Over the next three years the Housing Development Board (HDB) will build Singapore’s first neighbourhood centres in more than ten years. These neighbourhood centres will be built in new estates such as Punggol, Hougang and Sembawang, with waterfront features, lush terraces and connections to public transport, along with “green” systems, such as rainwater harvesting. The new projects will include sheltered community plazas to facilitate interaction amongst residents, providing space for daily activities and community events. Mr Fong Chun Wah, Group Director (Development and Procurement) of HDB said that the goal of HDB is to plan well designed towns that are sustainable and community-centric, and to have a social role for the community, on top of being a developer or master planner.
Individual neighbourhood centres expect to serve the needs of 5,000 to 6,000 households, as one-stop centres designed with public feedback, providing a range of amenities, including supermarkets, food courts, other eateries and retailers. These centres will be linked to existing and upcoming transport nodes, such as MRT/LRT stations and bus stops.
The last new neighbourhood centres were built in 2004 (Pioneer Mall, Punggol Plaza). HDB ceased to build such centres to encourage participation by the private sector to provide commercial facilities in HDB towns. Private developers tend to build neighbourhood centres only if the resident population is large enough to support business operations, and so HDB has undertaken the new projects to better address residents’ needs.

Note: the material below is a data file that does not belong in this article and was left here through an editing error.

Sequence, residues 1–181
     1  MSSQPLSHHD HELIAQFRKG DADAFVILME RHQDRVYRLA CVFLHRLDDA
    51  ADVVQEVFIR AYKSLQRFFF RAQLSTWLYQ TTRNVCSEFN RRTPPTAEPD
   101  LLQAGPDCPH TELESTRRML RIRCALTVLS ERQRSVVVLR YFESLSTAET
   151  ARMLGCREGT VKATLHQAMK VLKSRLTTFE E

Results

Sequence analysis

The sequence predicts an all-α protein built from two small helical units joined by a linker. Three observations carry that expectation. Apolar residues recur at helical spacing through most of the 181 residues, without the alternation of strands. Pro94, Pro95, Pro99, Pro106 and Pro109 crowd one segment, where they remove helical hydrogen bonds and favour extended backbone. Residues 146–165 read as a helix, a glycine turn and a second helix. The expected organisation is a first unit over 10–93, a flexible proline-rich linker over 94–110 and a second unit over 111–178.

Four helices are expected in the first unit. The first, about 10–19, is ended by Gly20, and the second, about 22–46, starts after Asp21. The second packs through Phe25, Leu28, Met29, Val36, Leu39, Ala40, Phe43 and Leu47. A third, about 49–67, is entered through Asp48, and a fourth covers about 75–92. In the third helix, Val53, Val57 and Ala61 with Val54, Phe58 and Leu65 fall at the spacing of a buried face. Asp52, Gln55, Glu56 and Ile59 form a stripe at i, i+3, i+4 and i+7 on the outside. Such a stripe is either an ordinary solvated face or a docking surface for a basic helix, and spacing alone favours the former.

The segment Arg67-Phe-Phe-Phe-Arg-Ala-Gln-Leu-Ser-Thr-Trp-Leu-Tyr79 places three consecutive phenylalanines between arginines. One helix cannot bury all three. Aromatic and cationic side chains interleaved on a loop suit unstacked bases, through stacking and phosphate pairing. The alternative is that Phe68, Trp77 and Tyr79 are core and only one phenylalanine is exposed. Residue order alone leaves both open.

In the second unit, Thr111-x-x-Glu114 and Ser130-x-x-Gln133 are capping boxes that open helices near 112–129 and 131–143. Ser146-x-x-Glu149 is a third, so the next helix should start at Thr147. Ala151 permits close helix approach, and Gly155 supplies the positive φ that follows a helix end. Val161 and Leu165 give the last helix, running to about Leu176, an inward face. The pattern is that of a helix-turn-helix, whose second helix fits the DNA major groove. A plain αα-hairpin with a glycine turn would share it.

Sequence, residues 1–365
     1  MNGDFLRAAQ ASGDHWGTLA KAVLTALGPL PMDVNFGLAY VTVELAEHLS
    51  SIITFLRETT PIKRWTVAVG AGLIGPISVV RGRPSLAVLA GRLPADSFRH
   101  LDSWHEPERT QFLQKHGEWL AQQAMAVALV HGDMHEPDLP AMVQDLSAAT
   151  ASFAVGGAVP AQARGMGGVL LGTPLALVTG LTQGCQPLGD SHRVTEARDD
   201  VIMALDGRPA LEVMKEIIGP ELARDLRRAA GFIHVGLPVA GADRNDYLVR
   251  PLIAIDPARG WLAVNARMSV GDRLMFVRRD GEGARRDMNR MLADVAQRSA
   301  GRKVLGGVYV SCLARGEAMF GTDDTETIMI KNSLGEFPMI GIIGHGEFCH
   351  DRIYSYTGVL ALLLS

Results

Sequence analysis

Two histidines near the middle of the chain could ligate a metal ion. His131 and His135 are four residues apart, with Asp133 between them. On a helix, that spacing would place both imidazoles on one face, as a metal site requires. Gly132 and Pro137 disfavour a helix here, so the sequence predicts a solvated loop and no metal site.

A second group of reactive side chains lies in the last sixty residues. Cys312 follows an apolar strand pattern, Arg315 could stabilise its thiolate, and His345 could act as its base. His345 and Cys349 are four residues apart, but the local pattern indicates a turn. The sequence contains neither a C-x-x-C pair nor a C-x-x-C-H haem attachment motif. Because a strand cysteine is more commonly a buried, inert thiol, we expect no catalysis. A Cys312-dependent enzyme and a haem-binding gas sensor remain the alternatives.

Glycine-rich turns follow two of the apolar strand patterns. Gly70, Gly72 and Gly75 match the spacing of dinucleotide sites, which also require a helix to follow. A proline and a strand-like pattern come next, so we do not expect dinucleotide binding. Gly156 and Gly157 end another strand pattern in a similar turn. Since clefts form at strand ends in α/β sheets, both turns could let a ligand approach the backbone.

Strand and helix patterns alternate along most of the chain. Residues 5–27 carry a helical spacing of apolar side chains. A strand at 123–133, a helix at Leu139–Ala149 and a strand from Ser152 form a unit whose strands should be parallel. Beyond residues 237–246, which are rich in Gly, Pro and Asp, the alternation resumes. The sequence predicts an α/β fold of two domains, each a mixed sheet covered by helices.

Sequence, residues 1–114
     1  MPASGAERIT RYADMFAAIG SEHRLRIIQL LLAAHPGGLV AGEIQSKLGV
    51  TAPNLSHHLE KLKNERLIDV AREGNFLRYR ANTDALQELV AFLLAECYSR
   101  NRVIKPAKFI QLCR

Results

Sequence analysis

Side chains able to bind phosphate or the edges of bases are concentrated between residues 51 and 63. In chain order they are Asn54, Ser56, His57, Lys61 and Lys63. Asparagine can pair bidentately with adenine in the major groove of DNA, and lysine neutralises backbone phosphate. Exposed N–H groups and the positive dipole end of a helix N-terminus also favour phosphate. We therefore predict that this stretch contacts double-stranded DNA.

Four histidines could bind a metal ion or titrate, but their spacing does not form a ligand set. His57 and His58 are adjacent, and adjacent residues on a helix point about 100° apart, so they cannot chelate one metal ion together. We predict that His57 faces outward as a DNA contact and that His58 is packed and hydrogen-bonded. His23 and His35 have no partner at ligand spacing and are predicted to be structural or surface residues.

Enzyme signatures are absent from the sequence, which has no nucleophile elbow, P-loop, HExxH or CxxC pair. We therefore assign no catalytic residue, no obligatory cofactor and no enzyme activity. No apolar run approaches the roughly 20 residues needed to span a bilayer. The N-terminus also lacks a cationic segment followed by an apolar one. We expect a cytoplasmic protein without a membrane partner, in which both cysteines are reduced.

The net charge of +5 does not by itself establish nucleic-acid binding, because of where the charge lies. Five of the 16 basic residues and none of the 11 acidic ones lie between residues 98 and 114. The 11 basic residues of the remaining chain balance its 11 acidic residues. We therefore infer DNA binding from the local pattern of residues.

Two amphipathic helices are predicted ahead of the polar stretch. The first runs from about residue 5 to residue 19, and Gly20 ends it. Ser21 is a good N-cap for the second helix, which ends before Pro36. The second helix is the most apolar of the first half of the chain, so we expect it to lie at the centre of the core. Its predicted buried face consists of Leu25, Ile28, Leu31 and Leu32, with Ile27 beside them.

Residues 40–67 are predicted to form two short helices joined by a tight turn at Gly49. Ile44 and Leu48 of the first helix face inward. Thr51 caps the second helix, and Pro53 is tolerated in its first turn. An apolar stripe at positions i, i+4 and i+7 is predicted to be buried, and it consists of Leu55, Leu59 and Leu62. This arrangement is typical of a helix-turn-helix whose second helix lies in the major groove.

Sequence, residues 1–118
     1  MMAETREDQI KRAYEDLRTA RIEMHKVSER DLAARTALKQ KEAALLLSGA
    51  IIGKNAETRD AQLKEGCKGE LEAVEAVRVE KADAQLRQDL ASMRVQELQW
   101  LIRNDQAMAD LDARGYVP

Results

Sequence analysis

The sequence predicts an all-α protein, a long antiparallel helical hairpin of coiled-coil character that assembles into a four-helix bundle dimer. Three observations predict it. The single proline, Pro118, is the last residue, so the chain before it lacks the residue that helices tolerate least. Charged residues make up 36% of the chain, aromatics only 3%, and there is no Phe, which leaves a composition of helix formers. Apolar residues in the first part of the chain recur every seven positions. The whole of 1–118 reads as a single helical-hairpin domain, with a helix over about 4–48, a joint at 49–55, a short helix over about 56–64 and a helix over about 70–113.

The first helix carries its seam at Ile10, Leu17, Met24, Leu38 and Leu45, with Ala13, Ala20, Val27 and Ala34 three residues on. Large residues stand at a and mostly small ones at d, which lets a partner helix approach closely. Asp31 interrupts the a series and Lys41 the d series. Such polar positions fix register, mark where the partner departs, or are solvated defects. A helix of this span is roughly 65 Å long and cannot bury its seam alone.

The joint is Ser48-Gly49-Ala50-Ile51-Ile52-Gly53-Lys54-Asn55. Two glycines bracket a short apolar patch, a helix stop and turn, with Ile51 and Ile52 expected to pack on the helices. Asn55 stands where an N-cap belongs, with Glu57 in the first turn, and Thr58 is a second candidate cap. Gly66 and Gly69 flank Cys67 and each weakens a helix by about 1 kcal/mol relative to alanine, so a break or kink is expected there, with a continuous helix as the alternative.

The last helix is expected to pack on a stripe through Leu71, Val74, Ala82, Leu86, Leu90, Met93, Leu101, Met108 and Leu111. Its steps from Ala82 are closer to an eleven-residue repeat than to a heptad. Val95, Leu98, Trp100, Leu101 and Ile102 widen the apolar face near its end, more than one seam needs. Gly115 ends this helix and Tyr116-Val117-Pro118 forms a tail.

According to a report by Knight Frank, Singaporeans make up the bulk of private property buyers in Singapore. Singaporeans purchased 4,431 units in the first half of 2015, 74 per cent of private home deals in Singapore. Permanent residents purchased 1,487 units in the same time period, 24.8 per cent of transactions. Companies bought 76 units, while corporates bought 36 units in Q2 2015, a mere fraction of the 301 units bought in Q2 2014.